The Power of Crowds 
‘s Huff Post article, from Crowdsourcing to Crowdstorming, introduces a new form of innovation inspired by crowds.

Established organizations like GE, P&G, DARPA and LEGO have been working with crowds to brainstorm, or “crowdstorm,” while startups like Quirky, Localmotors and Giffgaff have also been using crowdstorming to bring better products and services to market.

Crowdstorming is quickly evolving from simple searches for ideas to more complex interactions in which multiple specialized tasks are provided. Shawn, in his study of 

crowdstorming projects, has  identified three broad categories:

  • Search: including contests searching for the best ideas (such as the X PRIZE and DARPA Grand Challenges.)
  • Collaborative:  This is a collective filter through which people pitch ideas and must receive a minimum number of community votes before it will be reviewed by the company. ( One example is LEGO Cuusoo, where an idea must garner 10,000 votes by the Cuusoo community before it will be reviewed by the LEGO team. The community also offers feedback on possible refinements.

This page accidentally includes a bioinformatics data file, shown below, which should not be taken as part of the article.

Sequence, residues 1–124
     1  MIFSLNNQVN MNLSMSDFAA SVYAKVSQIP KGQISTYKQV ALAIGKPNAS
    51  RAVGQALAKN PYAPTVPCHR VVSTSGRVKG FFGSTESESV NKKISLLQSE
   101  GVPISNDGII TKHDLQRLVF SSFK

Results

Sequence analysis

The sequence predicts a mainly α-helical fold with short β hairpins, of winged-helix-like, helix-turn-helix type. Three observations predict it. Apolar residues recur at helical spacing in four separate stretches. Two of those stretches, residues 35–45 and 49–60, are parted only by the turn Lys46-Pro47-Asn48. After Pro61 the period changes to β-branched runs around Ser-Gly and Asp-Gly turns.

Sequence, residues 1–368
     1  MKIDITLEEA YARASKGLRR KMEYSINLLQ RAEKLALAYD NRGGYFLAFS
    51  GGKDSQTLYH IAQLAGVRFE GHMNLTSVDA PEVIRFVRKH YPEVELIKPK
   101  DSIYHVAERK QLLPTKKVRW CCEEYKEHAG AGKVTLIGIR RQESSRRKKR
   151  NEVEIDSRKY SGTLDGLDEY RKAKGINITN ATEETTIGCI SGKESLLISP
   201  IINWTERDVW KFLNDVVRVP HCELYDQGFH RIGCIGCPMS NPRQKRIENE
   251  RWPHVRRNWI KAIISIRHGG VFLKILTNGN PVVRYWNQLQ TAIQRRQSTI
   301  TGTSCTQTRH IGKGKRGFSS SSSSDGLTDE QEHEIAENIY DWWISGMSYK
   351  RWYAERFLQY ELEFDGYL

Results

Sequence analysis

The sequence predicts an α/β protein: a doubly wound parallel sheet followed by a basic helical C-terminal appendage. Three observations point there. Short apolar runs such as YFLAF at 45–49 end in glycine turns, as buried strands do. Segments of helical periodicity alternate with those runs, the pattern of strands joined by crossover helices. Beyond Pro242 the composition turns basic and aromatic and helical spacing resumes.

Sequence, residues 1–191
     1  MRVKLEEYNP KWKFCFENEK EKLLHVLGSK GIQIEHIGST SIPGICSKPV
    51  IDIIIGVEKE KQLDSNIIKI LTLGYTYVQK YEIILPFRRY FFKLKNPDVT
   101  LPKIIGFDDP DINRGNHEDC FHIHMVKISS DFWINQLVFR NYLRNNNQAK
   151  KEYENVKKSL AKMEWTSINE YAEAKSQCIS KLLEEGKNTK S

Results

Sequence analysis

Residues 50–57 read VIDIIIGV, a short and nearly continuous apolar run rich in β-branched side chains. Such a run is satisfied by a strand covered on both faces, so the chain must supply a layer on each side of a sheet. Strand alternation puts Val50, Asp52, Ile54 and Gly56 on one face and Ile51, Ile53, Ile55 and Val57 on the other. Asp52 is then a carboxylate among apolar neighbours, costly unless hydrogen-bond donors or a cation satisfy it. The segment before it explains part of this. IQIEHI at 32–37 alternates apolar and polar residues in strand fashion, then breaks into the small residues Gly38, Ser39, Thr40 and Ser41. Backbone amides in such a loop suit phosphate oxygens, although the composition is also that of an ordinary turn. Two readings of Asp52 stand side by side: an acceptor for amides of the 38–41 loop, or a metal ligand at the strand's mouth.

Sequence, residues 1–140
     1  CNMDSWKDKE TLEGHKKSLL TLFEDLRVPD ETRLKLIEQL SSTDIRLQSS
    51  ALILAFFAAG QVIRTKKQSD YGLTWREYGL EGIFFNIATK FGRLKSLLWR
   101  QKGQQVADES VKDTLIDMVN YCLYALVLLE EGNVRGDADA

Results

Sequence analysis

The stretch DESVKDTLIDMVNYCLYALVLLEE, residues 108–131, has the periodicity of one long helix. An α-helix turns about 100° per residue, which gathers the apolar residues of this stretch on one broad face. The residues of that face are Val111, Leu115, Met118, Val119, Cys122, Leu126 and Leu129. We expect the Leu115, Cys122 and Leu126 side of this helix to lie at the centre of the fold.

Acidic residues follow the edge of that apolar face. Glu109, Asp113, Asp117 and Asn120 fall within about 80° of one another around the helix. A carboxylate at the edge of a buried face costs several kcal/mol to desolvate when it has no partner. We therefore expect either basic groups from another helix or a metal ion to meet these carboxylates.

• Integrated.

Advantages of Crowdstorming


When ideas can’t easily be measured, companies tend to place their faith in “HIPPOS” (highest paid person’s opinion). However, crowdsourcing opens up new opportunities that HIPPOs can’t deliver – brainstorming doesn’t just source ideas, but helps evaluate and build on them as well.

More Insights: By replacing some of the traditional research and development organization with crowds, companies can obtain broader and more comprehensive feedback. Shaun references a 1-9-90 interaction pattern to illustrate:

For each participant submitting an idea, nine participants might offer feedback in the form of votes, ratings or comments, with the remaining 90 simply observing the interactions. At a minimum, the move from search to collaboration results in an order of magnitude increase in the number of participants and an explosion in interactions.

Broader Scope of Ideas: Forums run by companies like Quirky and Giffgaff offer new insights, not just in production of products and services, but everything from compensation to recruiting. Their crowds are not just helping to produce products and services.